Maine Narrow Gauge Railroad: Take a ride on a historic narrow gauge steam train. The train departs on the hour between 10 a.m. and 3 p.m., and passengers can enjoy the view of Casco Bay while riding along the waterfront by the Eastern Promenade (58 Fore Street).

Portland Head Light: Maine's oldest lighthouse, built during George Washington's presidency, is located on the shores of Cape Elizabeth. Originally, the 80-ft. tower was lit with 16 whale-oil lamps. Today there are a number of interpretive displays at the onsite museum (1000 Shore Road).

Portland Observatory: Climb the 103 steps to the top and enjoy the views of Portland and Casco Bay. This signal tower is the only remaining wooden maritime signal station in the U.S. It was built in 1807 and is currently listed on the National Landmark Registry (138 Congress Street).

Victoria Mansion: Originally built in 1858 for a wealthy New Orleans hotelier, the Italian villa-style mansion has graceful verandahs, a four-story tower and a lavish interior. The house was named for Britain's Queen Victoria when it was turned into a museum in 1941. Visitors can tour the property, which still boasts 90 percent of its original contents such as gas light fixtures, elaborate wall paintings and exquisite woodwork (109 Danforth Street).

Wadsworth-Longfellow House: Built in 1785, this is the boyhood home of poet Henry Wadsworth Longfellow. It was the first wholly brick dwelling in Portland and now features a collection of Maine's historical artifacts (489 Congress Street).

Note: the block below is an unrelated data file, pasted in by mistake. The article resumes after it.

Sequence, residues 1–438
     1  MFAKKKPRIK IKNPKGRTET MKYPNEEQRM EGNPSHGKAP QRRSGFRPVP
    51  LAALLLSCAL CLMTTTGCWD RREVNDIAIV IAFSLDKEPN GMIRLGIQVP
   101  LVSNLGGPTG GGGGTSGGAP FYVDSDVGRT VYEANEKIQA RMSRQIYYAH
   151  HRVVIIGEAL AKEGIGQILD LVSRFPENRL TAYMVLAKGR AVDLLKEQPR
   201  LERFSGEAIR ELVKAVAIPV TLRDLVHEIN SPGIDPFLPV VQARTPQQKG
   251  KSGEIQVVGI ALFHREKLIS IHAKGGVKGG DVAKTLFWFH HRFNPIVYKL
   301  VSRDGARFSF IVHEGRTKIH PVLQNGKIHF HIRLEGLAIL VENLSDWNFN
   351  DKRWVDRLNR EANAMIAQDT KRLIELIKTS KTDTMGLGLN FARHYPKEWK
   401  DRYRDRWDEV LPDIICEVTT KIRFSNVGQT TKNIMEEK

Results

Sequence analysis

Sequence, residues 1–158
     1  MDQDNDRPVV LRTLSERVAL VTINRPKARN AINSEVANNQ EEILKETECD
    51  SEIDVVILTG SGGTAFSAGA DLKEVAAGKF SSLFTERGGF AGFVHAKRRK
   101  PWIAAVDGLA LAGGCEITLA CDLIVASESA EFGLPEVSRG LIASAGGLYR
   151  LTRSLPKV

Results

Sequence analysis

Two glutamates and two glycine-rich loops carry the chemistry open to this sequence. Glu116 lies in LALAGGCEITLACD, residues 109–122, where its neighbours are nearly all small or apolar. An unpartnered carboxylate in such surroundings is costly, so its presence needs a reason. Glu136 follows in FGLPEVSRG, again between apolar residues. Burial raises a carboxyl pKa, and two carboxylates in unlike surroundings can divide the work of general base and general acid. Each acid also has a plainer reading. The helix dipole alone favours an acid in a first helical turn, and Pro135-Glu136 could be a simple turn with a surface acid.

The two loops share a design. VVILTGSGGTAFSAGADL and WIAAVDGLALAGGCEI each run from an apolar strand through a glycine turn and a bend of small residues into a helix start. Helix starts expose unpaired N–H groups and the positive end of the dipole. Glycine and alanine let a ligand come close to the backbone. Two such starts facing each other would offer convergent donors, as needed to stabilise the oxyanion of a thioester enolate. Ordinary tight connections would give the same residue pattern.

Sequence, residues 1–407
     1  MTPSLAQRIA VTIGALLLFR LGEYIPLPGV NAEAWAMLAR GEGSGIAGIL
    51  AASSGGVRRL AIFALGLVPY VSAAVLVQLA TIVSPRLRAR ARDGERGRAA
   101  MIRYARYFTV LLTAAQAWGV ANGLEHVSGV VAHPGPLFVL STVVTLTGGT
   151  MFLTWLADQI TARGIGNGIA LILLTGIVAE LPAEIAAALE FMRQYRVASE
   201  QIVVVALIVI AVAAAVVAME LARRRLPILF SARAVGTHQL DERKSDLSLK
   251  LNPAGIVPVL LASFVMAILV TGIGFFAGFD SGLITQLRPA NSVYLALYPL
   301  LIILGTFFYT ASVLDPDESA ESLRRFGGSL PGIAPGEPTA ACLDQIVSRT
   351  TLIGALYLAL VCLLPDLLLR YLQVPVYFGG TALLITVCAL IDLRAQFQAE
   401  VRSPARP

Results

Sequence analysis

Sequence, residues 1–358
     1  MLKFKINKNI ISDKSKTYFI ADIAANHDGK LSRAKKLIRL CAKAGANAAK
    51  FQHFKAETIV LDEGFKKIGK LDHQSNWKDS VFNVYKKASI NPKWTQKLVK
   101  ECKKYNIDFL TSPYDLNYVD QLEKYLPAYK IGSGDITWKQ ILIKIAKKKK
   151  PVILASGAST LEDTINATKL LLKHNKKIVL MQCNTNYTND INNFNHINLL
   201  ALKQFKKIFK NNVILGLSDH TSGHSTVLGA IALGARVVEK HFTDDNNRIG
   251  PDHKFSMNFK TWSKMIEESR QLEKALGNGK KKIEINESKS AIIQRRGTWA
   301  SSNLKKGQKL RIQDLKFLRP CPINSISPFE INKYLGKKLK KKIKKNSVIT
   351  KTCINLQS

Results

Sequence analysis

Maine Historical Society Museum: Located next door to the Wadsworth-Longfellow House, this museum houses exhibitions that feature art and artifacts that bring Maine history to life (489 Congress Street).

Explore Peaks Island: Take the 15-minute ferry ride (56 Commercial Street) from Maine State Pier to Peaks Island. On the island, you can rent a bike from Brad's Recycled Bike Shop for $14 per day (115 Island Ave.), or take a guided kayak trip to explore the protected waterways of Casco Bay -- you'll paddle past Civil War-era forts, lighthouses and seal-covered ledges (70 Luther Street).

Shop in Freeport: The well-known outlet shopping destination includes the L.L. Bean flagship store, which is open 24 hours a day and 365 days a year (95 Main Street). New attractions in the store include a 24-ft. riverbed aquarium alive with fish and turtles native to Maine.

Stroll the Village of Kennebunkport, Maine: Located about 45 minutes south of Portland, this charming coastal village features several Federal- and Victorian-style homes built by wealthy merchants and sea captains in the 1700's and 1800's. Today it is regarded as one of the most expensive vacation areas in the Northeast (the Bush family has a home here). Visitors can explore the small district of art galleries, seafood restaurants and souvenir shops.